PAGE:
Viacom Earnings Beat Estimates as Film Unit Swings to Profit

Jesse Grant/Getty Images
Viacom CEO Bob Bakish

The company, led by CEO Bob Bakish, declined to address current talks with CBS Corp. about a potential merger during an analyst call.

Viacom on Wednesday reported better-than-expected fiscal second-quarter earnings as its film unit returned to a quarterly profit.

Revenue also beat estimates in the company's latest financial report that Wall Street will dissect for signs of how the turnaround strategy — unveiled more than a year ago by CEO Bob Bakish and focused on six flagship brands — is playing out.

The company, which remains in talks about a possible merger with CBS Corp., reported adjusted net income attributable to the company of $641 million and adjusted diluted earnings per share of 92 cents, which exceeded the average Wall Street analyst forecast of 79 cents per share. Quarterly revenue also exceeded analysts' estimates.

Paramount Pictures, Viacom's film unit, which has benefited from a growing TV production business and had such releases in the latest quarter as Annihilation and Sherlock Gnomes, swung to a profit, posting operating income of $9 million, compared with a year-ago loss of $66 million.

As expected, Bakish and other Viacom execs declined to take questions on the CBS deal talks from analysts during a morning conference call. Instead, they talked up Viacom's turnaround strategy, and its apparent success.

"We've taken many important steps to ensure we get the most out of our large and revitalized core business, including continually improving how we operate and organize our business," Bakish told analysts. On the movie front, he cited the "monster hit" Paramount had in John Krasinski’s A Quiet Place.

"This is the first film that was both produced and released under the new management team. ... That has shown up in the quality of the film, the cost discipline and the way it was marketed," he said. Bakish added Paramount already had a dozen movies in the pipeline for 2019, and expected the studio to get to 16 in all.

On the TV side, the Viacom head touted the media giant's prospects at the upcoming upfronts. "Supply will be tight, very tight. That, combined with the fact we're seeing very strong scatter pricing, suggests the upfronts will be strong, particularly as related to pricing," Bakish said.

"More broadly, the overall tone of the market is looking good. So we very much like how this is setting up," he added. The exec also touted a new cross-Viacom production studio business to create premium episodic content for flagship Viacom TV brands, and third-party platforms.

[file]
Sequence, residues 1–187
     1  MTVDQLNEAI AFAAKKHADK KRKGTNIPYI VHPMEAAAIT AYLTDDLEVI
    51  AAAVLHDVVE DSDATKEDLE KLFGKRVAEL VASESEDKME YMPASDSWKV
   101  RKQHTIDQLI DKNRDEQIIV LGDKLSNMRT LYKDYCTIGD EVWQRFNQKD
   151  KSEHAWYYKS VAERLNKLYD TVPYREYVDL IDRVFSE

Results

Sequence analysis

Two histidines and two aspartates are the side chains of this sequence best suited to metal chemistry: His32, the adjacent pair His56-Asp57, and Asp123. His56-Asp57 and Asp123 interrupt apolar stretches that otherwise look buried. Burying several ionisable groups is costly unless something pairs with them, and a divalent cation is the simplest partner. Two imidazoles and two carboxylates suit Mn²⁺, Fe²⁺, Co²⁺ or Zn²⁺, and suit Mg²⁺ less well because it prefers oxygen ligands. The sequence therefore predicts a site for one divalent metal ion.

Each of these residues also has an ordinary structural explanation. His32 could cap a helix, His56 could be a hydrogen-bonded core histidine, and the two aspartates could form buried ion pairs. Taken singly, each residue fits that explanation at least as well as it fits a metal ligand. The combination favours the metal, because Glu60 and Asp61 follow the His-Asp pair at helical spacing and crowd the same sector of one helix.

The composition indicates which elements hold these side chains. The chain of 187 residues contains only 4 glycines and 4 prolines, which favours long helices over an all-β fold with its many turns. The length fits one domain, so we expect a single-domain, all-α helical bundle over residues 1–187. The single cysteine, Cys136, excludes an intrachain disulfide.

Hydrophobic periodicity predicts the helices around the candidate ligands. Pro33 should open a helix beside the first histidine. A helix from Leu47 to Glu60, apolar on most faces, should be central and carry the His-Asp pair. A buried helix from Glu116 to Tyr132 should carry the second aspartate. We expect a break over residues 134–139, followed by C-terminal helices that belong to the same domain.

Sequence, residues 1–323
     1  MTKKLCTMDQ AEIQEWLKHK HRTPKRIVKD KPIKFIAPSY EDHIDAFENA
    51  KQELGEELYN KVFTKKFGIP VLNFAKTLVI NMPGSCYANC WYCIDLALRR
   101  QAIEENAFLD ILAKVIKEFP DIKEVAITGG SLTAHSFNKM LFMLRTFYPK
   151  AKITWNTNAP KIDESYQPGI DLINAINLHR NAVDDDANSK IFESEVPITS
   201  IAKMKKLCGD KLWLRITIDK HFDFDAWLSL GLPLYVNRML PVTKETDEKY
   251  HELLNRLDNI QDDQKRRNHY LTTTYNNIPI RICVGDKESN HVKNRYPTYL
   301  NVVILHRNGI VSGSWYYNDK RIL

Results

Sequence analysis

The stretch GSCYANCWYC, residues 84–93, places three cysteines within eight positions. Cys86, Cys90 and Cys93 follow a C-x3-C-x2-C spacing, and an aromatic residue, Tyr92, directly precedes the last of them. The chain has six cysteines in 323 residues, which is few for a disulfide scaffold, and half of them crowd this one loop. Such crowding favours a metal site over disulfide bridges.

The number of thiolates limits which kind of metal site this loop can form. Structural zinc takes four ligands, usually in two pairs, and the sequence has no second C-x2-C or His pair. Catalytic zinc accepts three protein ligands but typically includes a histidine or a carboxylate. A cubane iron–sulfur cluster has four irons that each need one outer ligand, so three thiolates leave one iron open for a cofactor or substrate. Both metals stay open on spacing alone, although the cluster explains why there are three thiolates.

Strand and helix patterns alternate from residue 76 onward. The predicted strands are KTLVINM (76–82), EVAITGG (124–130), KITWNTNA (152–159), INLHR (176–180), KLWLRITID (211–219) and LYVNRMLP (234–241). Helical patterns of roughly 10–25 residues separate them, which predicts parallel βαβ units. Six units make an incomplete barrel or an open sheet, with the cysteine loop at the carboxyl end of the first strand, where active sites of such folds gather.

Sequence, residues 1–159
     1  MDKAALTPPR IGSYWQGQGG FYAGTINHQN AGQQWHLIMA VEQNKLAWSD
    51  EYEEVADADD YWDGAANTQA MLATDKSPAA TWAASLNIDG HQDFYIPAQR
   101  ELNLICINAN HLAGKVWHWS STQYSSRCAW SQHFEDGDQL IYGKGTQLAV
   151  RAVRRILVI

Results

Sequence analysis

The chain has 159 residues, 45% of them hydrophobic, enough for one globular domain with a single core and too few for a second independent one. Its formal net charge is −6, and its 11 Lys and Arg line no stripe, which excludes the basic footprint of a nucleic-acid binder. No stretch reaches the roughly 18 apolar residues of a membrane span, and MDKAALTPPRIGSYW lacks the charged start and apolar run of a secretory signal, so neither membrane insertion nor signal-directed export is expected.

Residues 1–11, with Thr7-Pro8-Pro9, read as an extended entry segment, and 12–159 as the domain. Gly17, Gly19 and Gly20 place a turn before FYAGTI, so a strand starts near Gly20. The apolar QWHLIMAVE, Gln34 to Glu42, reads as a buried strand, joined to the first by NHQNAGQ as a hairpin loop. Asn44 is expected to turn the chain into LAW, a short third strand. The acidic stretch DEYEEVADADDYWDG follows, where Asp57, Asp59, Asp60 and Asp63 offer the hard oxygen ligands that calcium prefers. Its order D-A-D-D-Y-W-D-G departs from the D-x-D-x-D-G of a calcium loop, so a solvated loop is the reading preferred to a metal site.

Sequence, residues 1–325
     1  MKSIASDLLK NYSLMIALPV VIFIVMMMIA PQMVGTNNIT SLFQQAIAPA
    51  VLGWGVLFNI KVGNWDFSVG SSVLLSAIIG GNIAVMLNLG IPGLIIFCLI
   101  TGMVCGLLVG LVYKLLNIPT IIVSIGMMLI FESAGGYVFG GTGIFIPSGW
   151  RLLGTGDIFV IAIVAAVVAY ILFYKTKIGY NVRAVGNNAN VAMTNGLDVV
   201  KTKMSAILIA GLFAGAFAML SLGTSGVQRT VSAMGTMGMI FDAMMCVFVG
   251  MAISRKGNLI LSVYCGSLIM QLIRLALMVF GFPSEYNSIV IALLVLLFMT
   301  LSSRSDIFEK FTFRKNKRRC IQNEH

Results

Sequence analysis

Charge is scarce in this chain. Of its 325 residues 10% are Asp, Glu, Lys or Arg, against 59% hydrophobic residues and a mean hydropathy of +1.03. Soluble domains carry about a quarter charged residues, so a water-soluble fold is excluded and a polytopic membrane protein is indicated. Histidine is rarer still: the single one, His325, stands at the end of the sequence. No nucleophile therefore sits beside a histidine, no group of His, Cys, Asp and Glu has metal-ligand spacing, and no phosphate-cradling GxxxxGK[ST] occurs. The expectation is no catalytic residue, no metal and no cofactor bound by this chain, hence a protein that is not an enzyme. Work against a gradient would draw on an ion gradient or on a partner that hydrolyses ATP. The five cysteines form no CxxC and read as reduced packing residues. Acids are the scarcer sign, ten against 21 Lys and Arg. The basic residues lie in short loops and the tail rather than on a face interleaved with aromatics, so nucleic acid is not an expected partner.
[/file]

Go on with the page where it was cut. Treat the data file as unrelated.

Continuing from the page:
"We're going to much more aggressively tap into the huge demand for content," Bakish said. Earlier, when releasing its latest financial results, the studio highlighted its ability to improve profitability "through a modified release strategy that guided the successful release of The Cloverfield Paradox and the sale of international distribution rights of Annihilation."

It also mentioned that Paramount Television "delivered another strong performance this quarter, driving increased licensing revenues with the release of TNT's The Alienist, which drew 13 million viewers in its premiere, ranking as this season's number 1 new cable drama series in live+3 [ratings]."

Viacom's media networks unit, as expected, again posted a U.S. advertising revenue decline, of 3 percent, but worldwide ad revenue was unchanged from the year-ago period, as was distribution revenue. Ratings at the company have been impacted by a decline in overall pay TV subscribers, but MTV and BET continued to grow their ratings in the latest quarter.

As the possible merger talks with CBS continue, the Redstone family controls both Viacom and CBS. The companies' vice chair Shari Redstone has been speaking out about the benefits of scale. The firms, which separated in 2006, said on Feb. 1 they have formed independent board committees to explore a merger after in 2016 abandoning talks about such a deal.

CBS Corp. recently made a below-market opening bid for Viacom, which was immediately rejected. Beyond price, the management of a possibly combined company has been a key issue of debate in the talks. CBS Corp. wants its chairman and CEO Leslie Moonves and COO Joe Ianniello to run a merged company if a deal is reached, while Viacom and Redstone have been pushing for a role for Viacom boss Bakish.

April 25, 11:45 a.m. Updated with comments by Bakish made during an analyst call.